By: Michael Ashton | Tue, Feb 15, 2011
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In case you missed yesterday's comment (it came out quite late), a link is here. It was both lengthier and pithier than today's offering.


On Tuesday there was a very mild disappointment from Retail Sales, which clocked in at +0.3% on the aggregate and ex-autos number along with a downward revision to the prior months. Economists blamed the weather, which is probably right...but it is interesting that no one jumped to blame the weather when Initial Claims surprised on the strong side last week. And I am not sure how the weather can explain the downward revision to December. On the other hand, the Empire Manufacturing number was on-target, so nothing in today's reports should be considered a show-stopper.

And that includes the UK CPI release, which put headline inflation in the UK at 4.0% year/year. This produced lots of anguished cries for monetary tightening, but core inflation is only at 3.0%. Yes, 3% is much higher than the BOE's target, but it has been in that range since early last year. To be sure, the BOE doesn't want inflation that high, but the money supply (M4) is already contracting in Britain (two years ago it was +17.5%), and with unemployment around 8% there it seems unlikely that the BOE is about to get aggressively hawkish. The money supply contraction already means relative disinflation is in store for late 2011 or in 2012. Our quant model has a serious underweight in inflation-linked Gilts, which makes sense since the 10y UK II Gilt yield at 0.85% doesn't give a lot of protection against the declining relative inflation implied by the tight monetary conditions.

I keep saying "relative" inflation there, however, because we must always remember that liquidity is fungible. Banks and companies can borrow in a rainbow of currencies in the global capital markets. If the Fed and the BOJ add enough liquidity, then prices in general will rise although currencies of countries with more-prudent monetary policies will be more likely to appreciate and help to keep inflation in those countries comparatively lower.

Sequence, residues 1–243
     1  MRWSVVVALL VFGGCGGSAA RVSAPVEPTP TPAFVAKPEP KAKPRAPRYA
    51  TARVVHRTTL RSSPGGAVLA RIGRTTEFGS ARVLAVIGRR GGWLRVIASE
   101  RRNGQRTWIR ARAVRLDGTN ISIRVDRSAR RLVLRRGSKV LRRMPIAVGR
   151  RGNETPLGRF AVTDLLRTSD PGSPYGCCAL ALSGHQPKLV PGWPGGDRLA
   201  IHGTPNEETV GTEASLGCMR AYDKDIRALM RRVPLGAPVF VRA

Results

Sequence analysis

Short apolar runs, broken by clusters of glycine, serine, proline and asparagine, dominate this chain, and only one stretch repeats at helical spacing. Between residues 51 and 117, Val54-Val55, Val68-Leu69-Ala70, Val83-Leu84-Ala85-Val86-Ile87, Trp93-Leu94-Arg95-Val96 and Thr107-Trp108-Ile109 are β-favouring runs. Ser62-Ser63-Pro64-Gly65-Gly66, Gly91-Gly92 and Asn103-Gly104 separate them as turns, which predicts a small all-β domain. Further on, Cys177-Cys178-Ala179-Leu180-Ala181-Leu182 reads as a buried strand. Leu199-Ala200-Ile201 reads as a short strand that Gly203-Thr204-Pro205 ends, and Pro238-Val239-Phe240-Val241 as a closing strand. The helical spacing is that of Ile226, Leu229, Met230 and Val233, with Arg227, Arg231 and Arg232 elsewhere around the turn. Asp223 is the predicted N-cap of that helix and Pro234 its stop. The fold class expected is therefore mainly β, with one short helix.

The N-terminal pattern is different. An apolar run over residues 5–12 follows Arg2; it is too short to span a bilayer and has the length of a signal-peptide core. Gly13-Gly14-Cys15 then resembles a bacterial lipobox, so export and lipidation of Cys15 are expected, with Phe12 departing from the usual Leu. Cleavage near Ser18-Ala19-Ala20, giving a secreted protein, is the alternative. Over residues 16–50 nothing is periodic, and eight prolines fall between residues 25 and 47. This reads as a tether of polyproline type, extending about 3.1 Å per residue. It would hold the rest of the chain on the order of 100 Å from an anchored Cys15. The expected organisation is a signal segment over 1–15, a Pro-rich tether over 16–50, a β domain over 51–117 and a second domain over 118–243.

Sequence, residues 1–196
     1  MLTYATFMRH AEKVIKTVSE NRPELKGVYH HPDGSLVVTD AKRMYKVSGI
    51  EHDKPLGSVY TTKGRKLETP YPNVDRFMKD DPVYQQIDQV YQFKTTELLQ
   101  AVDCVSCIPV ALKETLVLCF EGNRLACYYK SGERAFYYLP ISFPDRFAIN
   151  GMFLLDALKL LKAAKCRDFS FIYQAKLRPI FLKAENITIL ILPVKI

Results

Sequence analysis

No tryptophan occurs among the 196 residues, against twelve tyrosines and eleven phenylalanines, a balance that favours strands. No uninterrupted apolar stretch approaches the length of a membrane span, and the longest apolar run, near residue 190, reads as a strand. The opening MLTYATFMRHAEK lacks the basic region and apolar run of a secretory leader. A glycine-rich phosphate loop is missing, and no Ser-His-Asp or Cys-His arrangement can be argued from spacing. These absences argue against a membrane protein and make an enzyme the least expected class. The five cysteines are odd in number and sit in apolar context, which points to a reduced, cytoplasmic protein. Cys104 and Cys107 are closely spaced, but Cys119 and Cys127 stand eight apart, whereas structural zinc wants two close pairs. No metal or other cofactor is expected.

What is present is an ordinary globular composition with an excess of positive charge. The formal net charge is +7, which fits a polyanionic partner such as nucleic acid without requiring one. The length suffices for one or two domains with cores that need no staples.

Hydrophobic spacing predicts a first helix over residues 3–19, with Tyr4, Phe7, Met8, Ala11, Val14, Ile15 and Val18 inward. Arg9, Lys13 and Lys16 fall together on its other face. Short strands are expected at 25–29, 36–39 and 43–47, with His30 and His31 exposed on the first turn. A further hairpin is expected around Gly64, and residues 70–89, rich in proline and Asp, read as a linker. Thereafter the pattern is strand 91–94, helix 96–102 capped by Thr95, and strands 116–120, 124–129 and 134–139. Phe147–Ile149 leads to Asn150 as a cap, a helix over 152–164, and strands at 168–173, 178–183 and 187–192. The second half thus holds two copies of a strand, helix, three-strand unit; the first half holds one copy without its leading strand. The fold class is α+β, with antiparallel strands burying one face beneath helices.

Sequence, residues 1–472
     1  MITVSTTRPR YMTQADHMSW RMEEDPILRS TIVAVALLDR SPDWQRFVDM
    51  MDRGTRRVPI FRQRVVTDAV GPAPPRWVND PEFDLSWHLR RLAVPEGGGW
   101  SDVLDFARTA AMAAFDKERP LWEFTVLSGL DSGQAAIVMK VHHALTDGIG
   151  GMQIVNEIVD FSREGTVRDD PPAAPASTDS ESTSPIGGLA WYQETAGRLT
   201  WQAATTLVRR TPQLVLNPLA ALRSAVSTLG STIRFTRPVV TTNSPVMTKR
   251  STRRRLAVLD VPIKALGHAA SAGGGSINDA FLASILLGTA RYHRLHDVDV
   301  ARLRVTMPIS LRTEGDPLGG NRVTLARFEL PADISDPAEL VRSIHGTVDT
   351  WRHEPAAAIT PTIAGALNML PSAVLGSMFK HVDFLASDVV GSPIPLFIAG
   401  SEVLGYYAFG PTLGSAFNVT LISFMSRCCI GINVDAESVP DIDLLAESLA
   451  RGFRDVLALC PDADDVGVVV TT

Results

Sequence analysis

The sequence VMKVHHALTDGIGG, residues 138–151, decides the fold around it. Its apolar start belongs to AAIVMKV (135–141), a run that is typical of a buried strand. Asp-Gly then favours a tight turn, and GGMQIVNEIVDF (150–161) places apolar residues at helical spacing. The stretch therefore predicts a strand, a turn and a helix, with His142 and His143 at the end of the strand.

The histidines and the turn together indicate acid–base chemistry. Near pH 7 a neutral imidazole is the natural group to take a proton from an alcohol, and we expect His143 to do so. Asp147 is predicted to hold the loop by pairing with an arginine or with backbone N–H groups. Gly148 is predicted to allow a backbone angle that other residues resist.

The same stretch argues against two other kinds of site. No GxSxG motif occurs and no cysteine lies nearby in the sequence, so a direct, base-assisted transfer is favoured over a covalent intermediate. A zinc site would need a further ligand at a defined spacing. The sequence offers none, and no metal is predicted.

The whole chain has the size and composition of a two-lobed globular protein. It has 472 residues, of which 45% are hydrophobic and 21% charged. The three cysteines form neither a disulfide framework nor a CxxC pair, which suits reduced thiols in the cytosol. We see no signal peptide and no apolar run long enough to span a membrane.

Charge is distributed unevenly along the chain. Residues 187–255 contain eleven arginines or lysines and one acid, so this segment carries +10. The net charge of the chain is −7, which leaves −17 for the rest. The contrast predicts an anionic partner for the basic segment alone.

The UK merits a comment today because so little seems to be happening domestically. Obama's budget will cause an ugly battle but doesn't affect the day-to-day ebb and flow of the market. Indeed, not much seems to be affecting the daily ebb-and-flow. Today marked the 10th consecutive trading day in which NYSE volumes have not reached 1 billion shares. That happened only once all of last year, and not at all in 2005, 2006, 2007, and 2008. Year-to-date NYSE volumes are down 15% over the same period last year, and -36% compared to the average of the last five years. Perhaps the stock market continues to rally because "fumes" are lighter than air.

The problem with many kinds of fumes is that they ignite easily. While there seems to be no catalyst to send equity prices sharply lower, the diminished volumes suggest that there are not a lot of buyers committed to these higher prices. The real test will be when a good break comes and we find out if volumes are light because everyone missed it and is waiting desperately for lower prices to get in, or because no one trusts these levels or the market as a whole and investors will remain on the sideline cheering when prices decline. To me, the fact that higher prices do not seem to be resulting in swelling volumes suggests the latter is more likely. But for a test, we will need an ignition source and I see nothing immediately obvious.